# Testing Rxjs Observable With Marble Testing

May 14th, 2021 - written by Kimserey with .

In Angular, we often use RxJS observables. Since observables are dependent on time, it makes them to hard to test. To make our life easier, RxJS provides a TestScheudler which offers a function run providing helper functions accepting Marbles, a special syntax used to define a timeline of events. In today’s post, we will learn about the Marble syntax and see how we can use it to test the behaviour of our observable composition.

## TestScheduler

For this post, we will demonstrate the usage of the test schduler for tests written with Mocha and Chai in Typescript. This would be our dependencies:

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"dependencies": {
"rxjs": "^6.6.3"
},
"devDependencies": {
"@types/chai": "^4.2.12",
"@types/mocha": "^8.0.3",
"chai": "^4.2.0",
"mocha": "^8.1.3",
"typescript": "^4.0.2"
}


We can then use TestScheduler from rxjs/testing.

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const testScheduler = new TestScheduler((actual, expected) => {
expect(actual).deep.equal(expected);
});


The argument expected from the constructor of TestScheduler is a deep equality check. Here we use Chai deep equality check but we could use whatever fit our current test suite.

The equality check function will be called by the test scheduler everytime we asset observables or subscriptions.

actual and expected are either observable or subscription which comeback in frames. Each frame will contain the frame number and a notification. The notification will contain the value, error and kind. Kind represents the kind of notification, 'N' for next notification, 'E' for error and 'C' for completion (the types can be found in the rxjs types). The frame object roughly looks like that:

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{
frame: number
notification: {
error: any
kind: 'N' | 'E' | 'C'
value: T
}
}


For debugging purposes we alos add a logging function which would log the frames:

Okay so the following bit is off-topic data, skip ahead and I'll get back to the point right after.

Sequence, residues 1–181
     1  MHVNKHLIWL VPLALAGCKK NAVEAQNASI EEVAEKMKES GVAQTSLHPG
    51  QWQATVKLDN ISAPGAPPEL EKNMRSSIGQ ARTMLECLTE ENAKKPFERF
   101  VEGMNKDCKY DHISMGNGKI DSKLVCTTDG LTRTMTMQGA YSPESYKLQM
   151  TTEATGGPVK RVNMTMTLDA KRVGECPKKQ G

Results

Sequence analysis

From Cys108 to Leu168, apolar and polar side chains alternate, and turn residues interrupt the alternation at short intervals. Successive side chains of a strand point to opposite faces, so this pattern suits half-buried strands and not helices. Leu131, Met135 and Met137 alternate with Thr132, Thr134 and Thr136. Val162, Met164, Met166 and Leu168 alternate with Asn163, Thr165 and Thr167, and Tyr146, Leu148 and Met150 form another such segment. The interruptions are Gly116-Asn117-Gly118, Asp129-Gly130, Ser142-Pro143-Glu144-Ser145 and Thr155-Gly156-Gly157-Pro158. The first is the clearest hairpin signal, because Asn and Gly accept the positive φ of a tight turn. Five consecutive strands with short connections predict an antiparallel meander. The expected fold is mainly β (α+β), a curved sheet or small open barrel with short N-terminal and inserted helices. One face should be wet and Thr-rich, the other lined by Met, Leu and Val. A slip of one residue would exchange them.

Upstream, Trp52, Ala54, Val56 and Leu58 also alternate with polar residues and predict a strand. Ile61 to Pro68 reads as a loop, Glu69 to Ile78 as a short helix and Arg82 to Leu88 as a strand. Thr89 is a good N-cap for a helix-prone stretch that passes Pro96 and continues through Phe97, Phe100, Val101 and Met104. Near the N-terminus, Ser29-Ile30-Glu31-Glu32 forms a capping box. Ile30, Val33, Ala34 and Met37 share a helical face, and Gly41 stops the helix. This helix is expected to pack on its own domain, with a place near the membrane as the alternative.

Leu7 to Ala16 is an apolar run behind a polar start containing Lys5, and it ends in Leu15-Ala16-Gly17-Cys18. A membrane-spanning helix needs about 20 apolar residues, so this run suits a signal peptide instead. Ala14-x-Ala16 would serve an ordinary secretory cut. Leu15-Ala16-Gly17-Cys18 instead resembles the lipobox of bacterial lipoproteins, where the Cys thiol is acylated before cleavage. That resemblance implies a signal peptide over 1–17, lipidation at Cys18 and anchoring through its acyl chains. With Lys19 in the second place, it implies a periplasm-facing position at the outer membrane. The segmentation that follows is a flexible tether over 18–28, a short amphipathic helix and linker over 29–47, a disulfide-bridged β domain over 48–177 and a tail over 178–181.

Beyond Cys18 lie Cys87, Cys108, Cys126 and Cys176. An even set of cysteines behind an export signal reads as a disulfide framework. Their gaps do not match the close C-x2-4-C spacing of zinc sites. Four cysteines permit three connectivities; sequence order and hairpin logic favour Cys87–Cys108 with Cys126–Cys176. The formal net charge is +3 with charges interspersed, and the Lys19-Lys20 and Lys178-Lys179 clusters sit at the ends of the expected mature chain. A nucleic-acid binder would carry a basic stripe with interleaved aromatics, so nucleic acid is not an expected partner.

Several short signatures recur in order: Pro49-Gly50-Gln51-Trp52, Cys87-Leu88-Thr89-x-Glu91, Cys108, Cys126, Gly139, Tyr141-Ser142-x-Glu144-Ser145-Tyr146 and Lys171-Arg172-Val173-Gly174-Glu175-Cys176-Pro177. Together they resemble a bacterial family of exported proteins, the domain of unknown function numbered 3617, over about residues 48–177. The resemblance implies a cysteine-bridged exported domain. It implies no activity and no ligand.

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function logFrames(label: string, frames: any) {
console.group(label);

frames.forEach((frame) => {
console.log(
"Frame:",
frame.frame,
"Kind",
frame.notification.kind,
"Value:",
frame.notification.value
);
});

console.groupEnd();
}


And add the call prior the check so that we can inspect the content of the frames:

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const testScheduler = new TestScheduler((actual, expected) => {
logFrames("actual", actual);
logFrames("expected", expected);
expect(actual).deep.equal(expected);
});


We will see how the logs display in the next section. Now that we know how we assert on the observables, we can move on to the most difficult part which is how we setup observables.

## Marble Syntax

Observables being stream of data, if we need to assert on them, we can’t validate only at a specific point in time, we need to validate at every point in time. The marble syntax allows us to define the sequence of values being streamed for an observable. We can then write the expected output marbles and assert on them.

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testScheduler.run(({ cold, expectObservable }) => {
const obs = cold(" -a-b-c-|");
const expected = " -a-b-c-|";

expectObservable(obs).toBe(expected);
});
});


This will result in:

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actual
Frame: 1 Kind N Value: a
Frame: 3 Kind N Value: b
Frame: 5 Kind N Value: c
Frame: 7 Kind C Value: undefined
expected
Frame: 1 Kind N Value: a
Frame: 3 Kind N Value: b
Frame: 5 Kind N Value: c
Frame: 7 Kind C Value: undefined


For this test we’ve deconstructed the helpers from run function into cold and expectObservable. The helpers also exposes hot, expectSubscriptions.

• cold is used to create a cold observable,
• hot can be used to create a hot observable,
• expectObservable is used to trigger the assertion on observables,
• expectSubscriptions is used to trigger the assertion on the subscriptions.

A cold observable is an observable which gets created on subscription, while a hot observable is an observable which is indifferent from the subscription and continuously emits even without subscriptions.